Computing Chern Classes of Tautological Line Bundles

I cannot find any references with how to handle this tautological line bundle $V \rightarrow P(\mathbb{H}^2)$ where $\mathbb{H}$ are the Hamilton quaternions.

I know it is a complex rank 2 vector bundle, so the total chern class is $1 + e(V_\mathbb{R})$ and the top chern class is $c_2(V) = e(V_{\mathbb{R}})$, so $c_0(V) = 1, c_1(V) = 0$ but I want to know what $c_2(V)$ is.

Does anyone have an idea for approaching this?

I think it I should use the splitting principle. From Bott and Tu, we can use the complex projectivization of V as a splitting manifold. And we know this is diffeomorphic to $P(\mathbb{C}^4)$

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Dear mathdragon, Just to check, $\mathbb H$ denotes the Hamilton quaternions? Regards, – Matt E May 17 '13 at 2:30
Yeah, sorry. I'll edit to add that. – mathdragon May 17 '13 at 2:32
Dear mathdragon, One more thing: if the fibres are $\mathcal H$-lines in $\mathcal H$ (which I would guess they are, since this is the usual definition of the tautological bundle), then aren't they $2$-dimensional over $\mathbb C$, making $V$ a rank $2$ complex vector bundle? (You write line bundle in your post, which is why I am asking.) Regards, – Matt E May 17 '13 at 2:36
Matt, you're right. Again, sorry. I should have read that over more before posting. – mathdragon May 17 '13 at 2:38
I'll add this to the top, but I think it I should use the splitting principle. From Bott and Tu, we can use the complex projectivization of V as a splitting manifold. And we know this is diffeomorphic to $P(\mathbb{C}^4)$ – mathdragon May 17 '13 at 2:40

I'm not really $100\%$ sure my solution is correct, also, there remains an indeterminacy in the end result: I don't quite identify the class you are looking for in $P^1\Bbb H\simeq \Bbb S^4$, only up to sign.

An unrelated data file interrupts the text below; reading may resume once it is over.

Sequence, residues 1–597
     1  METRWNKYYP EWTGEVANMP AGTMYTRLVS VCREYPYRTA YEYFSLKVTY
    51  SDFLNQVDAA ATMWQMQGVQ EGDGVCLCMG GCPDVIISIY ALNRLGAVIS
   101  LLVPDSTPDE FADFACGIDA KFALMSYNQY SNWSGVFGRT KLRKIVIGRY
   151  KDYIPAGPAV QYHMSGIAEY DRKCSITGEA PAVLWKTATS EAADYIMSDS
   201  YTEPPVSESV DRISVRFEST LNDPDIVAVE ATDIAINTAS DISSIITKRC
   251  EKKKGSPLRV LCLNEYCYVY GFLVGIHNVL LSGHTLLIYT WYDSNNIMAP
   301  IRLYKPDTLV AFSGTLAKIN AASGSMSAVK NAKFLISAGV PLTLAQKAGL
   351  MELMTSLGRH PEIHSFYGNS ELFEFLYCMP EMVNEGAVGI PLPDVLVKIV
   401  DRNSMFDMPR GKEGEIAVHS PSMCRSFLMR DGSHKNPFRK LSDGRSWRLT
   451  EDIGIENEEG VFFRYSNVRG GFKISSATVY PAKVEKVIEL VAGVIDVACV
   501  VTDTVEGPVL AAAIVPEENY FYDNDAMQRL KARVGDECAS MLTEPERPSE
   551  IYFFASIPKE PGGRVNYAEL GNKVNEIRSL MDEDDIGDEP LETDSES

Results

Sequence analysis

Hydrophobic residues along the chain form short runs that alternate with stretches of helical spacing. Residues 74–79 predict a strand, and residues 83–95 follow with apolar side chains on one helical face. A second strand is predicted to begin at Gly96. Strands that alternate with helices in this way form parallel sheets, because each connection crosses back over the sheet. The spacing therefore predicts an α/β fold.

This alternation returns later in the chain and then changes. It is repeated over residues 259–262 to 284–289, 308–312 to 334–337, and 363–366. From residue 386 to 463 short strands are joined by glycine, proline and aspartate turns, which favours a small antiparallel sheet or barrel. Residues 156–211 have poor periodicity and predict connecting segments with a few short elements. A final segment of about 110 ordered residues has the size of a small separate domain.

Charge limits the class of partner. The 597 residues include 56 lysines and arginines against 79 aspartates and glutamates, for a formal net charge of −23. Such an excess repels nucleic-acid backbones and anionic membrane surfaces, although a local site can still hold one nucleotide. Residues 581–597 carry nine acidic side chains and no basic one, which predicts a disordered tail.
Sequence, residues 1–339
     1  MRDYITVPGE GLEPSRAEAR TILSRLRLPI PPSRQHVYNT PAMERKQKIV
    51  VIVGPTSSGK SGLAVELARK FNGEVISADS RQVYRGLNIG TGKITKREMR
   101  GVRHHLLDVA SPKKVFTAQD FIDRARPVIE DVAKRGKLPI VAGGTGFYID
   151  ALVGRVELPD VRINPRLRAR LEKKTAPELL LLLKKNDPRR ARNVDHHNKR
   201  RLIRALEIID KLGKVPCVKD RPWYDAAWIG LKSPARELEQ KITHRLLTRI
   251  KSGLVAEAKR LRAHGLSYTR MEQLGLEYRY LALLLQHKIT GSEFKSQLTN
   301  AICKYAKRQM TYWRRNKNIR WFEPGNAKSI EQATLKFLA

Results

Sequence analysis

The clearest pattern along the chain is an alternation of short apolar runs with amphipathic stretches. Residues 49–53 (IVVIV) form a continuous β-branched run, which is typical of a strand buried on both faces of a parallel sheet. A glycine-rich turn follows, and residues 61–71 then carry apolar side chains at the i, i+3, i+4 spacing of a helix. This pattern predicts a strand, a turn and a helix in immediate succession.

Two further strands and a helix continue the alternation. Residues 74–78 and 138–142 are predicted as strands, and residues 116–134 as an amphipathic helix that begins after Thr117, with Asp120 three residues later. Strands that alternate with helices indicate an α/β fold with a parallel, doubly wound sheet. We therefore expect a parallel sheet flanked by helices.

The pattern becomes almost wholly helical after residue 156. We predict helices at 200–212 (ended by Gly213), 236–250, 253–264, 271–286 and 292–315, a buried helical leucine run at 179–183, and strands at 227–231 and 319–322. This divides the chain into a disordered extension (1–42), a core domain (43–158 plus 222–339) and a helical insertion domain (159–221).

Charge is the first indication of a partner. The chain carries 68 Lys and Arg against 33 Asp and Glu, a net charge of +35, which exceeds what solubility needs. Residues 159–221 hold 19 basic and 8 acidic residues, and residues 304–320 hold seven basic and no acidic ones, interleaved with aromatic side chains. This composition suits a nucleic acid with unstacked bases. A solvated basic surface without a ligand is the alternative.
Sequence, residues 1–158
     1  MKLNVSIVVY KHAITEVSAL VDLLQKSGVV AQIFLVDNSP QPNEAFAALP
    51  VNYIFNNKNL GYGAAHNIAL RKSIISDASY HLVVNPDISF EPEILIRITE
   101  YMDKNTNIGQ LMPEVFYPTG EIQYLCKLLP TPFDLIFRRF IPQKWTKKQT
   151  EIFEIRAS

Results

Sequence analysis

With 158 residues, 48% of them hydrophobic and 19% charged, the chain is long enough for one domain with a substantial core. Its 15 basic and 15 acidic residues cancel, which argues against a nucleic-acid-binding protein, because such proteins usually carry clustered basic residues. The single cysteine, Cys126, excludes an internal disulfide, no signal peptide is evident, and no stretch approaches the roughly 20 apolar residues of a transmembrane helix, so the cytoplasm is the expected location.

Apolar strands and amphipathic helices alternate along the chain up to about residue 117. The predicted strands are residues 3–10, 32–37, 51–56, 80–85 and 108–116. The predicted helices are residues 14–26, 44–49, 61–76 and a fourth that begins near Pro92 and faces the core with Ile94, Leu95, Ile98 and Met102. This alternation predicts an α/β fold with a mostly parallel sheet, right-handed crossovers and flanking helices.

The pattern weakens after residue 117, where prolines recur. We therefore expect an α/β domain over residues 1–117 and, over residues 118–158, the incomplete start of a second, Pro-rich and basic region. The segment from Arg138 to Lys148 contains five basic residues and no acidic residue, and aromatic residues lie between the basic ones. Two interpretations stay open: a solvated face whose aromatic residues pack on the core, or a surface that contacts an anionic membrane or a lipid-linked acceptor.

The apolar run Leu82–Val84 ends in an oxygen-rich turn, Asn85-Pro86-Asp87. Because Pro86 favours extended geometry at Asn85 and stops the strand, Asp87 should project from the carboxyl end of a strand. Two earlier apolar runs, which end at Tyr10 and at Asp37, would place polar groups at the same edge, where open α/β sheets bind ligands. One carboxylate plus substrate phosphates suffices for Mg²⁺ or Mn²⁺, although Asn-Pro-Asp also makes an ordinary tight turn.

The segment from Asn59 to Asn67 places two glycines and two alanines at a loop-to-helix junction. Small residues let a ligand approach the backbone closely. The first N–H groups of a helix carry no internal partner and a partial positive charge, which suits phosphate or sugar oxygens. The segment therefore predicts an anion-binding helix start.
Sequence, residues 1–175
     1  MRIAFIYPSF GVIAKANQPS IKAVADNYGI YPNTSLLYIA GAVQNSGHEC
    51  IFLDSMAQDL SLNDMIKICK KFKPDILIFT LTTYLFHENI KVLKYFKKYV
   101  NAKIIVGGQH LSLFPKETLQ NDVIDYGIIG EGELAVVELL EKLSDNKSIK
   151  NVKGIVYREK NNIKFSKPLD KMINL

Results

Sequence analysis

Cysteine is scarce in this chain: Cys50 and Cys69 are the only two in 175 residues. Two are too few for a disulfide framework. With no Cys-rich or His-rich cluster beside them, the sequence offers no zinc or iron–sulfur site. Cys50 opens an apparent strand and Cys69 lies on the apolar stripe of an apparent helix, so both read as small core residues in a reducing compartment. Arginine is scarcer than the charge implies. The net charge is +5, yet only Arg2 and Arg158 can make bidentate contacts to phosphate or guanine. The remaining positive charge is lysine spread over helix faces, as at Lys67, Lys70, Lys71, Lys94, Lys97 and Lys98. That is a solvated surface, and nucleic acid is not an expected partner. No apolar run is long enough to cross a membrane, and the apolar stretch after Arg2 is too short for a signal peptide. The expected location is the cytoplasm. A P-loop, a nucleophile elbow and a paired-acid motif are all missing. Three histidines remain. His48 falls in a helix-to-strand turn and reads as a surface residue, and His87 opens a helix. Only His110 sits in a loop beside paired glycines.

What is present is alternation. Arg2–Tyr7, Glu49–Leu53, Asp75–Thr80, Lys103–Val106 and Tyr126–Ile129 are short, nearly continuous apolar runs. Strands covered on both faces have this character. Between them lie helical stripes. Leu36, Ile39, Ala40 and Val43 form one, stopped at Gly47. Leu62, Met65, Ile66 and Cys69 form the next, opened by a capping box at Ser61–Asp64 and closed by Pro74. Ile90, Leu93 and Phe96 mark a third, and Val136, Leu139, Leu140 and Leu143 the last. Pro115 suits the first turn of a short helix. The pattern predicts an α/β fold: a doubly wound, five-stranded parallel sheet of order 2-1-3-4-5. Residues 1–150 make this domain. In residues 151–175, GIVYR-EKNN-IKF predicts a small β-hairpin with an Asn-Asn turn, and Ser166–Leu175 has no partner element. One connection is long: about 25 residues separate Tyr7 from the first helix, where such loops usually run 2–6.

Let $Q$ be the projectivisation of $p:V\rightarrow P^1\Bbb H$. As you note, $Q$ is isomorphic to $P^3\Bbb C$. To be precise, we consider $\Bbb C\subset \Bbb H$ through $1,i\mapsto 1,i$ respectively. Thanks to the standard left $\Bbb H$-vector space structure on $\Bbb H^2$, $\Bbb H^2$ can be seen as a complex vector space isomorphic $\Bbb C^4$. Now by definition of $Q$ we get a homeomorphism $$\begin{array}{rcl}Q=\coprod_{S\subset\Bbb H^2}P(S)&\longleftrightarrow &P^3\Bbb C\\ l&\mapsto&l\\l\in P(\Bbb H\cdot l)&\gets&l\end{array}$$ The direct sum is taken over all quaternionic (left) lines $S$, and for every such line $S$, $P(S)$ is the complex projective space on $S$.

The pullback bundle of $V$ over $Q$ splits into two complex line bundles $L\oplus L'$ ver $Q$, with the fiber of $L$ over $l$ being $l$ itself, so that (modulo the above isomorphism), $$L\text{ is isomorphic to the tautological line bundle over }P^3\Bbb C$$

@Matt E gave a convincing argument for the vanishing of the first Chern class of $V$. Computing the total Chern class of the pullback bundle gives $$\pi^*(1+c_2(V))=c(L\oplus L')=c(L)c(L')=1+c_1(L)+c_1(L')+c_1(L)c_1(L')$$ The class $c_1(L)+c_1(L')$ vanishes, and it follows (I believe) that $L'\simeq L^*$, since both are line bundles, and thus completely caracterized by their first Chern class. If $c$ is the standard degree $2$ generator of $H^3(Q)=H^2(P^3(\Bbb C))$ (i.e. the first Chern class of the tautological line bundle over $P^3(\Bbb C)$), then $$\pi^*(c_2(V))=-c^2.$$

It remains to understand $\pi$. The canonical map $Q\to P^1\Bbb H$ is a fibration. Actually, it is obtained from the Hopf fibration $\Bbb S^3\hookrightarrow\Bbb S^7\hookrightarrow\Bbb S^4$ by quotienting out the action of $\Bbb S^1$). $$\begin{array}{rc}\Bbb S^2\simeq P^1\Bbb C\hookrightarrow & P^3(\Bbb C)\\&\downarrow\\ &\Bbb S^4\end{array}$$ The associated spectral sequence collapses at rank $2$ because of how the nonzero nodes are placed, and this tells us that the cohomology of $\Bbb S^4$ in degree $4$ is isomorphic to that of $P^3\Bbb C$ in degree $4$ through $\pi^*$. Since $\pi^*(c_2(V))=-c^2$ is a generator in degree $4$, we necessarily have $c_2(V)=$ one of the two generators of $H^4(\Bbb S^4)$ . I don't know which one this is.

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Dear Olivier, This looks good to me; I was also a bit unsure about the sign. Part of the issue perhaps is that one has to figure out how $P(\mathbb H^2)$ is oriented in the first place. I guess the quaternionic situation is something like the complex situation, where one gets a canonical orientation (?) . Regards, – Matt E May 17 '13 at 4:55
@MattE I would put my money on the opposite of the canonical generator of $H^4(\Bbb S^4)$, but I'm going to bed right now ^^ – Olivier Bégassat May 17 '13 at 4:58
Dear Olivier, I agree, based on the analogy with complex projective case. Cheers, – Matt E May 17 '13 at 5:03